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Russian Revolution timeline – September 1917

This is the seventh in our series on the events of 1917. Dates are given in the old style Julian calendar used in Russia at the time. This was 13 days earlier than the Gregorian calendar (adopted in Russia in 1918).
The Bolshevik party still faces state repression, many of its leaders in prison or in hiding. It is cash-strapped, the circulation of its papers reduced to a trickle. Nonetheless, its influence is growing again, boosted by its role in defeating General Kornilov’s coup attempt at the end of August. The Bolsheviks rebuild links to the troops, epitomised by Yevgenia Bosh. She tirelessly tours Ukraine frontlines addressing mass soldiers’ meetings. Soviets increasingly adopt elements of workers’ control, dictating pay, local supplies and services, organising militias. Peasant committees distribute land.
1: The Petrograd Soviet – still under a Menshevik/Social Revolutionary majority – passes a Bolshevik resolution calling for a workers’ and peasants’ government, by 279 votes to 115. Alexander Kerensky, the prime minister and war minister, sets up a five-man ‘directory’ to run Russia.
2: Soviets in Finland vote by 700 to 13, with 36 abstentions, for a soviet government.
4: Trotsky is released from Kresty prison after Petrograd trade unions bail him out.
5: The Moscow Soviet passes a no-confidence vote in the Provisional Government by 335 to 254. The congress of Siberian soviets in Krasnoyarsk renews its support for the Bolsheviks.
8: Baltic Fleet sailors demand an immediate armistice, the transfer of land to peasant committees, and workers’ control of production. The Kyiv Soviet of workers’ deputies votes 130 to 66 in favour of a soviet government. Similar resolutions pass in other industrial centres.
9: The Petrograd Soviet votes no-confidence in its Menshevik/SR executive, and in the coalition government, by 519 to 414 with 67 abstentions. The Soviet elects a new executive led by Bolsheviks, Left SRs and Internationalist-Mensheviks.
11: The Moscow Soviet unanimously condemns the state repression of the Bolsheviks. The Black Sea Fleet adopts the slogan, ‘power to the soviets’, as do 23 regiments of the 12th Army.
14-21: The Democratic Conference takes place in Petrograd, another attempt by the Provisional Government to circumvent the soviets and undermine the Bolsheviks (cf the State Conference, Moscow, 12-15 August). Among its 1,600-1,775 delegates, there are around 530 SRs, 170 Mensheviks, 136 Bolsheviks, and 55 Trudoviks (pro-Kerensky). Yet it votes against a new coalition. The government then sets up a ‘provisional council’ but this also rejects the proposal. So it picks a Council of the Republic (the ‘Pre-Parliament’) due to meet in early October. This has 550 members, including a large big-business bloc, alongside 120 SRs, 75 Kadets, 60 Mensheviks – with 66 Bolsheviks, 30 Internationalist-Mensheviks and some other lefts. Initially, the Bolshevik Central Committee agrees to participate – Lenin and Trotsky are opposed.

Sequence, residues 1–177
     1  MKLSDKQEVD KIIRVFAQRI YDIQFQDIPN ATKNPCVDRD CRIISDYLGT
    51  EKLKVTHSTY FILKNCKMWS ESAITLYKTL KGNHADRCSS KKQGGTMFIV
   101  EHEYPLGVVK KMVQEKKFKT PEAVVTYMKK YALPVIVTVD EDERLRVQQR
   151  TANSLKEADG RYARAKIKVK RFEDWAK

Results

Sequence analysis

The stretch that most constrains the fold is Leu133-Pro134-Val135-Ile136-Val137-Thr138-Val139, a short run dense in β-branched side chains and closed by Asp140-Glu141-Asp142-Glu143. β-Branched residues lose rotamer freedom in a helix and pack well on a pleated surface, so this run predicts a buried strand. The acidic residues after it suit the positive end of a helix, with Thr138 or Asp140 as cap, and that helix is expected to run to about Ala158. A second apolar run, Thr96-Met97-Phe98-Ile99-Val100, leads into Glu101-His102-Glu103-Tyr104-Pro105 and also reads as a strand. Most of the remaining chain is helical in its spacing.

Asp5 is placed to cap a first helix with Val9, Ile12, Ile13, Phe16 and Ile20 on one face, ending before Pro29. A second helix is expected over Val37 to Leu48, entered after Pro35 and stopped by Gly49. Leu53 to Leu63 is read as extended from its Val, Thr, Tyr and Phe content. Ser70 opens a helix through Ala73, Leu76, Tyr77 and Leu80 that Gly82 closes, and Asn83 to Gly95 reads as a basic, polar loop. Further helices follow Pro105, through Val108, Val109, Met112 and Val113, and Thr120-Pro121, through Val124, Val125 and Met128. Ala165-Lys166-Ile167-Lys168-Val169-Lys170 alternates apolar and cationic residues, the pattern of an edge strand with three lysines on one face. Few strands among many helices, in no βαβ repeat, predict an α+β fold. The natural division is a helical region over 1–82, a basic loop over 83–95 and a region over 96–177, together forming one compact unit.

18: The Tashkent Soviet overthrows the local government, but Kerensky’s forces take back control – workers from 40 soviets call a week-long general strike in protest.
20: Bolshevik delegates to the Democratic Conference, the party’s CC and its Petrograd committee meet to discuss the pre-parliament controversy. The boycott is again rejected, by 77 to 50. This echoes the approach taken by a leading layer of Bolsheviks during February and March – before the arrival of Lenin. It also presages the hesitancy of some to the seizure of power in October. Rank-and-file members understand the boycott call much more readily. In Ukraine, for instance, the Bolsheviks’ Kyiv committee opposes it – a small minority around Yevgenia Bosch backs the boycott – but a city-wide conference adopts it by an overwhelming majority.
23: Lenin again writes in favour of the boycott, arguing that the Bolsheviks must prioritise building support in the soviets, trade unions, the army and among the masses.
24: Kerensky forms the third coalition government, including ten Menshevik and SR ministers. Rail workers strike over pay.
25: Trotsky is elected chair of the Petrograd Soviet.
Towards the end of September the Moscow municipal elections record a significant shift: the Kadets receive 101,000 votes (compared to 109,000 in June), the SRs slip to 54,000 (from 375,000), the Mensheviks get only 16,000 (from 76,000), while the Bolsheviks win 198,000 votes (from 75,000).

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